494 BODs (business object documents) in OAGIS Release 9.2
Standard better supports Web services and makes OAGIS simpler to use; get free download.
OAGi, the Open Applications Group, has announced the general availability of OAGIS Release 9.2, which features ISA95 Business Object Documents (BODs) related to production performance and production scheduling. is backwardly compatible with OAGIS 9.0 and 9.1. A free download is available from the OAGi Website .
Release 9.2 is an enhancement release that includes support for UN/CEFACT/ISO Core Components Technical Specification, CCTS 2.01, harmonized Core Components from UN/CEFACT TBG17, many enhancements for manufacturing functionality, and technical
"Our OAGi members really drive the direction of the standard," said OAGi CEO David Connelly. "And they have told us that ISA95 is very important to them, so we are pleased to be able to partner with ISA to deliver these new BODs as part of OAGIS 9.2." Said ISA95 chair Keith Unger, "The ISA95 committee is thrilled to have our standards included in the OAGIS 9.2 release."
A multipart standards effort, ISA95 defines an abstract model of the enterprise, including manufacturing control and business functions, and its information exchange. The standard defines electronic information exchange between manufacturing control functions and other enterprise functions, including data models and exchange definitions.
Formed in 1994, OAGi promotes business process interoperability for inter- and intra-enterprise business processes and encourages the creation of standards to assist organizations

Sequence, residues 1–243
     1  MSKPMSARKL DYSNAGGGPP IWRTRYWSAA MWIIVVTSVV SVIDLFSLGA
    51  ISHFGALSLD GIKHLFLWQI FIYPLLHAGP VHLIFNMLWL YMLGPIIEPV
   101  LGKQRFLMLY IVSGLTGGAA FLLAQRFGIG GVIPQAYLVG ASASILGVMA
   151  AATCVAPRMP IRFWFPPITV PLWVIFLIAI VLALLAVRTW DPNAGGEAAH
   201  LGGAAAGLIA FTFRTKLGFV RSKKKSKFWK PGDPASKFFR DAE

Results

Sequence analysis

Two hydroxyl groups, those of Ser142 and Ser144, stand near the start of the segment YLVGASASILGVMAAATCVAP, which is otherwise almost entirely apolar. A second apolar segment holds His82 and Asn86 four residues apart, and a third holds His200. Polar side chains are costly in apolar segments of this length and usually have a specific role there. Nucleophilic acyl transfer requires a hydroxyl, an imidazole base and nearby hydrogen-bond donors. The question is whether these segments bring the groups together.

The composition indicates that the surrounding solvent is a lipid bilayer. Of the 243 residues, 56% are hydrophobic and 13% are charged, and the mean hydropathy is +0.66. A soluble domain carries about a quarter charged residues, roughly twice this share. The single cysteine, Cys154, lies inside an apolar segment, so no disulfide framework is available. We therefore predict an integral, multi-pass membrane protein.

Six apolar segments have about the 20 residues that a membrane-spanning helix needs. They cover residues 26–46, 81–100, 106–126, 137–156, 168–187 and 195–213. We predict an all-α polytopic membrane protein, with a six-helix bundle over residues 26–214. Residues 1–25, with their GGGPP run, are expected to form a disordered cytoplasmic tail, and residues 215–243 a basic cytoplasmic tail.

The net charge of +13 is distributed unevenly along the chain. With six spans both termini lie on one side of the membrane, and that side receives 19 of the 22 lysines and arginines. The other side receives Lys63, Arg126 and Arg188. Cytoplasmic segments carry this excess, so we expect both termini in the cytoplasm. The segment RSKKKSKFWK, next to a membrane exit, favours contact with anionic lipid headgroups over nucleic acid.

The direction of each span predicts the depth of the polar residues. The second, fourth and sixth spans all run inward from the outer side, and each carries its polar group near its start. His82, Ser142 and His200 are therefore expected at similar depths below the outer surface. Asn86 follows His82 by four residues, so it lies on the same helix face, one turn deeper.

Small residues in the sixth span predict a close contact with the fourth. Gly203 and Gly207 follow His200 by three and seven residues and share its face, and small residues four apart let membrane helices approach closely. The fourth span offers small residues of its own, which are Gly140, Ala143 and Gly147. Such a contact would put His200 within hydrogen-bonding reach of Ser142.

in achieving connectivity and multiple-source integration.
For more information on OAGi, see " 5 industrial groups establish OpenO&M ."
— Edited Renee Robbins, senior editor
Control Engineering Information Control eNewsletter
Register here and scroll down to select your choice of eNewsletters free .
- Events & Awards
- Magazine Archives
- Oil & Gas Engineering
- Salary Survey
- Digital Reports
- Survey Prize Winners
- CFE Edu
Annual Salary Survey
Before the calendar turned, 2016 already had the makings of a pivotal year for manufacturing, and for the world.
There were the big events for the year, including the United States as Partner Country at Hannover Messe in April and the 2016 International Manufacturing Technology Show in Chicago in September. There's also the matter of the U.S. presidential elections in November, which promise to shape policy in manufacturing for years to come.
But the year started with global economic turmoil, as a slowdown in Chinese manufacturing triggered a worldwide stock hiccup that sent values plummeting. The continued plunge in world oil prices has resulted in a slowdown in exploration and, by extension, the manufacture of exploration equipment.
Read more: 2015 Salary Survey